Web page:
Entropy is the most used and often abused concept in science, but also in philosophy and society. Further confusions are produced by some attempts to generalize entropy with similar but not the same concepts in other disciplines. The physical meaning of phenomenological, thermodynamic entropy is reasoned and elaborated by generalizing Clausius definition with inclusion of generated heat, since it is irrelevant if entropy is changed due to reversible heat transfer or irreversible heat generation. Irreversible, caloric heat transfer is introduced as complementing reversible heat transfer. It is also reasoned and thus proven why entropy cannot be destroyed but is always generated (and thus over-all increased) locally and globally, at every space and time scales, without any exception. It is concluded that entropy is a thermal displacement (dynamic thermal-volume) of thermal energy due to absolute temperature as a thermal potential (dQ = TdS
), and thus associated with thermal heat and absolute temperature, i.e.
, distribution of thermal energy within thermal micro-particles in space. Entropy is an integral measure of (random) thermal energy redistribution (due to heat transfer and/or irreversible heat generation) within a material system structure in space, per absolute temperature level: dS = dQSys/T = mCSysdT/T
, thus logarithmic integral function, with J/K unit. It may be also expressed as a measure of “thermal disorder”, being related to logarithm of number of all thermal, dynamic microstates W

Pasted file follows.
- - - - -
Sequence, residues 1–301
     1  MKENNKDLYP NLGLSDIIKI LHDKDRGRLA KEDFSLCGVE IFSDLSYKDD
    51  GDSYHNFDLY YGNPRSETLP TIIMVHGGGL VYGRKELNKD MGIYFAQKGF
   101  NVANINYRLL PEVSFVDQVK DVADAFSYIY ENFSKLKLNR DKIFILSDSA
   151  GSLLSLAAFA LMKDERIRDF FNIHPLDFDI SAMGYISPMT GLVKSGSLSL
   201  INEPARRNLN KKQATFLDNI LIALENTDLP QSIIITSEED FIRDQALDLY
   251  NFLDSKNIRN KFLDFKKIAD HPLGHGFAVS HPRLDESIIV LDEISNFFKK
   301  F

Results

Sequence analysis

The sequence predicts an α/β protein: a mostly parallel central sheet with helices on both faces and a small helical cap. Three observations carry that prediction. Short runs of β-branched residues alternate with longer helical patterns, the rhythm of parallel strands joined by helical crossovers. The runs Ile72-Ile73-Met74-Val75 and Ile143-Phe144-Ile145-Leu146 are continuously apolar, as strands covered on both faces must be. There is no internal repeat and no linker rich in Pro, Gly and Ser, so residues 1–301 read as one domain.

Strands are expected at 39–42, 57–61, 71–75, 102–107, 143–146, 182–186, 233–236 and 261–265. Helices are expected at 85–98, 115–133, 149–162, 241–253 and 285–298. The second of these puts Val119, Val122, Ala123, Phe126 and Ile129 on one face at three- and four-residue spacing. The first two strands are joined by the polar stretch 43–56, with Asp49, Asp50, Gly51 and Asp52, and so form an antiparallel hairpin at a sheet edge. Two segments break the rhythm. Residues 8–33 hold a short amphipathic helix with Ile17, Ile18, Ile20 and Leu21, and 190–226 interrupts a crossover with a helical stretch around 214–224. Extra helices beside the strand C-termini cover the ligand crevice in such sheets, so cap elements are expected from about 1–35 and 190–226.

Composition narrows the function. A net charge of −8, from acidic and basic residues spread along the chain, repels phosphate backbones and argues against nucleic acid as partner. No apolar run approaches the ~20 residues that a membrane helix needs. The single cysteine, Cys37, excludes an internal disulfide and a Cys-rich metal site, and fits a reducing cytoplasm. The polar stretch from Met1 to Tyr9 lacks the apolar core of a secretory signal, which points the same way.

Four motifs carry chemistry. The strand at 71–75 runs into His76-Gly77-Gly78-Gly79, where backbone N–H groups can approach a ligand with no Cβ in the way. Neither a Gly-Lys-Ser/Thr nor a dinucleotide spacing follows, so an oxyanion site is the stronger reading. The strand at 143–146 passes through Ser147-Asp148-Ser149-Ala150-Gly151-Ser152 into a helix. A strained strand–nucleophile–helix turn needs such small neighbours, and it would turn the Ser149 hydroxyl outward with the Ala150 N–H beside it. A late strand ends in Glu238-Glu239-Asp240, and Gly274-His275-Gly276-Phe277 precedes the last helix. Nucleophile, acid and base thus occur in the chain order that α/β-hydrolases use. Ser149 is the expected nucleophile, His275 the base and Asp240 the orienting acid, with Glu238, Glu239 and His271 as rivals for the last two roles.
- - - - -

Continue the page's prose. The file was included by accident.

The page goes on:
(their position and momenta), S = kB
, or to the sum of their logarithmic probabilities S = −kB∑pi
, that correspond to, or are consistent with the given thermodynamic macro-state. The number of thermal microstates W
, is correlated with macro-properties temperature T
and volume V
for ideal gases. A system form and/or functional order or disorder are not (thermal) energy order/disorder and the former is not related to Thermodynamic entropy. Expanding entropy to any type of disorder or information is a source of many misconceptions. Granted, there are certain benefits of simplified statistical descriptions to better comprehend the randomness of thermal motion and related physical quantities, but the limitations should be stated so the generalizations are not overstretched and the real physics overlooked, or worse discredited.